Yesterday, I had what they call a port placed in my chest to make it easier and safer for me to receive my chemo infusions. Basically a small pad goes under my skin and it hooks into one of my major veins, meaning the nurses can easily just stick a needle in this pad and administer the drugs straight to this vein, rather than having to prick my hand or arm every time and risking damage to the small veins there from the toxic chemo drugs.
The placement procedure was fine – I was prepped like I was for all other surgeries (get nekkid, take off all jewelry, get an IV placed, wait around for a while in the pre-surgery room, etc.) but for this one I was fully cognizant as they took me back to the room, and prepped me. They need to use an ultrasound to place the port, so I was lying on my back and they draped my body so that just a square of my chest was exposed, and there was a big X-ray machine hanging above me and a lot of techs scrambling around. I knew I wasn’t getting general anesthesia, but I was getting happy meds so I kept waiting for them to start pumping that wonderful stuff into me. Finally, before the surgeon came into the room, they did, and I felt the normal lightheaded, heart-slowing-down feeling that I enjoyed for all my other surgeries. I honestly don’t remember much after that – I think I napped. I felt nothing, and then there was a nurse peeking into my sterile “tent” telling me I was done. An hour later I got to go home, and the rest of the day I slept.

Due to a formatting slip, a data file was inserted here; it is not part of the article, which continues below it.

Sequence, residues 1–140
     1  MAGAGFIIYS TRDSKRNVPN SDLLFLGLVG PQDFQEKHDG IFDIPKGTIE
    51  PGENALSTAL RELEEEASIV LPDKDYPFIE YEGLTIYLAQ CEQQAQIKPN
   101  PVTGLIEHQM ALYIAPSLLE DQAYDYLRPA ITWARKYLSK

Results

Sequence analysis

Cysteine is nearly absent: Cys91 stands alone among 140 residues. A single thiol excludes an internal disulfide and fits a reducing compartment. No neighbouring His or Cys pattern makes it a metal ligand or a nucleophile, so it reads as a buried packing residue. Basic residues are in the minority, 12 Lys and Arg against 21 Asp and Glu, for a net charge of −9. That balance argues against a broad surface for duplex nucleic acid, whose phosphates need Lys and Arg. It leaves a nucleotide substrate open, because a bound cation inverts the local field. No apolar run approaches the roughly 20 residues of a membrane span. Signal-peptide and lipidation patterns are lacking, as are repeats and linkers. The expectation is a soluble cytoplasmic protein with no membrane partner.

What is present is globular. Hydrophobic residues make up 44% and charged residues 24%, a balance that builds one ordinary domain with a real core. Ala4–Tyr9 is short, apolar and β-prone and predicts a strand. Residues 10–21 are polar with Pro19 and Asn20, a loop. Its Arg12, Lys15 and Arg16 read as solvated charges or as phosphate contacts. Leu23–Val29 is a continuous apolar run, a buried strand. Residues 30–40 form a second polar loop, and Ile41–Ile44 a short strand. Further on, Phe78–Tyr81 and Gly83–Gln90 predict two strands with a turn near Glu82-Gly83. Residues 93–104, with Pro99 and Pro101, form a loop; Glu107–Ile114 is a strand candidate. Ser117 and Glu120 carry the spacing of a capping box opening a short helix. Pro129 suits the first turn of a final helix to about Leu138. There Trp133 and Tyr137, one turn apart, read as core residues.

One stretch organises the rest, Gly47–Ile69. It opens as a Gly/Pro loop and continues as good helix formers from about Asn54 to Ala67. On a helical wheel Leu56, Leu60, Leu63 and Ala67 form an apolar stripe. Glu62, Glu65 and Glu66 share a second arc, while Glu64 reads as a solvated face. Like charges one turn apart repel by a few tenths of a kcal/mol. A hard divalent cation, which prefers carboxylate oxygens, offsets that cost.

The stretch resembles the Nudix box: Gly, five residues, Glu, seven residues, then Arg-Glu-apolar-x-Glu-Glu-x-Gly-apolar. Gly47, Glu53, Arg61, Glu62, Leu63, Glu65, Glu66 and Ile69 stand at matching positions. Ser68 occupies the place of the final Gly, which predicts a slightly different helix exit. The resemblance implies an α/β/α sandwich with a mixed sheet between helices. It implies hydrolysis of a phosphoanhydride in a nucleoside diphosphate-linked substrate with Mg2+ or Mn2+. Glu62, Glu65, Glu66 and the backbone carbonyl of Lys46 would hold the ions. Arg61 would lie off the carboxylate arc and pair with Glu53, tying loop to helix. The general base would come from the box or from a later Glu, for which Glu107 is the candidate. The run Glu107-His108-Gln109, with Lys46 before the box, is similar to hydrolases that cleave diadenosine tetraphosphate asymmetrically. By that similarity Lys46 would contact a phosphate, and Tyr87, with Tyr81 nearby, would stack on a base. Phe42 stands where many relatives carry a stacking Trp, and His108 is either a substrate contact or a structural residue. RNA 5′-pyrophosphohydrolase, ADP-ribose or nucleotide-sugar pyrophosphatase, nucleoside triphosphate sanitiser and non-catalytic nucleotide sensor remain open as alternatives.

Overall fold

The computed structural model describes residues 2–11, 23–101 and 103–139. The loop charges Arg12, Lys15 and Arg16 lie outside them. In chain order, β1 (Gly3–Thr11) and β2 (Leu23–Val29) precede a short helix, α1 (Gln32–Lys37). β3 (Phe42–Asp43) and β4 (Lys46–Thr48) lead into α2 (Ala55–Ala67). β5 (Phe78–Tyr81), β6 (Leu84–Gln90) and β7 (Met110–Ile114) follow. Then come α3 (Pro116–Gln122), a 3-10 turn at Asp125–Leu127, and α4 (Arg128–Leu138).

That night, the port hurt a bit – nothing unbearable but a sore in my lower neck like I had whiplash and a slight searing pain where I imagine they cut me open to put the port in (I can’t see because it’s all covered in gauze).